BITS: Bad Luck Angels and Angry Catholics


LA 2, in better days

Angel Ortiz, aka Little Angel, or, better known as LA II, or by his elaborate LA ROC tag which decorated many of his collaborations with Keith Haring, has languished in the shadows of his collossally famous mentor for 2+ decades. And now, he has been arrested for grafitti one time too many (three occasions) in a short period, and faces a felony charge.

Since his youthful adventures with Haring, Ortiz has waxed obscure, finding himself unacknowledged by Keith Haring’s dealers and biographers to the extent that he claims to have found some of his collaborations with Haring in sales and auction catalogs without any attribution to him and without receiving any compensation.

An unwieldy personality, Ortiz, who was very young when he began working closely with Haring, never managed to parlay his 15 minutes of fame into anything big enough to satisfy the star treatment he got when he toured with Haring at the age of 15. Promised that Haring was setting aside a trust for him, Ortiz found, upon Haring’s death, that no such fund existed. He has never recovered from this disappointment, nor from his subsequent struggles for acknowledgment.

This arrest comes simultaneous to receiving a VIP invitation to “Art in the Streets” where one of his collaborations with Haring is on display. It also comes upon the heels of a recent show at Dorian Grey Gallery, a rarity for Ortiz who has not shown often in the United States.

It is arguable that Ortiz has done fairly well. He even has a following in Italy and sells his works for prices between $500 and $5,ooo.

But a, perhaps bitter, Ortiz has been more than a little self-sabotaging. He has, for example, been arrested for painting an unauthorized mural on an Urban Outfitters in the East Village despite the fact that he is one of the company’s official artists.

He was also arrested recently for spraying the Kenny Sharf mural at Houston and Bowery Streets, a site he is fond of tagging ever since he added flourishes to the Kieth Haring trubute mural that occupied the wall in 2008.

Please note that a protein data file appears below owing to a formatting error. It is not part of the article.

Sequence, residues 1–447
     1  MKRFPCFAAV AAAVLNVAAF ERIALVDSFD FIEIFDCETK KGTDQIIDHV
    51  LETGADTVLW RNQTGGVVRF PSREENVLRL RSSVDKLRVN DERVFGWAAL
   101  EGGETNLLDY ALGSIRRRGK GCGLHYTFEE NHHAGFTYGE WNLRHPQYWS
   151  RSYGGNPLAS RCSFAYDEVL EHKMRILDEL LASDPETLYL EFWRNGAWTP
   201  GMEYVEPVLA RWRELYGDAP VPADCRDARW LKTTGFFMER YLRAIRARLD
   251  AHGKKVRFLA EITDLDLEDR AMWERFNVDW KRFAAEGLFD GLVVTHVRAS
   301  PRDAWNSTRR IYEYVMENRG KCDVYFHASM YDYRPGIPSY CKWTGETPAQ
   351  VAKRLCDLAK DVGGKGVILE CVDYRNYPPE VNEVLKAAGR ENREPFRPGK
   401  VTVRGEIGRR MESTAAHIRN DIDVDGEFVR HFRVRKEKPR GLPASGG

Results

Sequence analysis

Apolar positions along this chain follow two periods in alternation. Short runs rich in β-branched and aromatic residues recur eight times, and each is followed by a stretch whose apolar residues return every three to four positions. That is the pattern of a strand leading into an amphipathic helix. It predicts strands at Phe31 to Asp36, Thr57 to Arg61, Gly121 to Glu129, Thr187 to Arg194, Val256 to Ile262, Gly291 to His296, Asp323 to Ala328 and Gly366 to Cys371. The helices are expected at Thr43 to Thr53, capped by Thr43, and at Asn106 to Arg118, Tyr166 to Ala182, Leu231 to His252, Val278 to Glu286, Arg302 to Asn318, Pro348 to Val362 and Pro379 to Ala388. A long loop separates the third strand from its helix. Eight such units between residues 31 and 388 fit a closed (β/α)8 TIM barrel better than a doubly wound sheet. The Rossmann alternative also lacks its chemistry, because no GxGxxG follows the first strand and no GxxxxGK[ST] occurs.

However, these charges, which ironically add up now to a felony are not the worst of Ortiz’s rather startling list of past arrests, some of which have been for drug charges and car theft.

The story of Angel Ortiz is a sad and complex one. So young when he attached himself to Keith Haring, he was exposed to fame and to a world of promise which he found subsequently withheld for various reasons, many beyond his control. It has been argued that Ortiz’s influence on Haring was pivotal to Haring’s development and to his later, more decorative and intricate style. Indeed there are those who continue to champion Angel Ortiz and who feel a great deal of indignation over how history has treated him.


The most famous be-fouled toy cricifix in the world

Spew artist, Andres Seranno’s ‘Piss Christ’ met with violence yesterday at the museum of contemporary art in Avignon, France, when two crazed Catholics, not happy with mere spray paint, pulverized the work with instruments of violence, including an ice pick and a hammer.

It’s not a very original move. Paving the way for this quaint Catholic tradition, a copy of “Piss Christ’ was similarly demolished by two OTHER angry Catholics in 1997 as it hung in a museum in Australia.

Always ready to pick a fight when accused of idolatry, sensitive Catholics have been decrying the ‘Piss Christ’ ever since Seranno first emptied his bladder on it. But these holy renegades did not stop at ravaging the controversial photograph; they went on to vandalize another of the museum’s holdings before they ran away.

“I’m disgusted, Yvon Lambert, director of the museum told France Info, “Two works, dammit! They attacked the Piss Christ, that’s one thing, but they also attacked a beautiful photo of the hands of a nun. The ignorance of these people is unbelievable. ”



The painting of a nun’s hands to which Mr. Lambert refers, is another work by Serrano, entitled ‘The Church(Sœur Jeanne-Myriam)’: it has been revealed that the work was damaged in a struggle as museum guards tried to pry a hammer away from one of three (3) assailants. I had cited two in the story above.

There is speculation that the attack may be connected to protests held outside the Collection Lambert the day before. They were demanding that, Serrano’s ‘Immersion’ as it is properly called, be removed from the currently running  “I Believe in Miracles.” show. The museum will continue to display the works in their damaged state.

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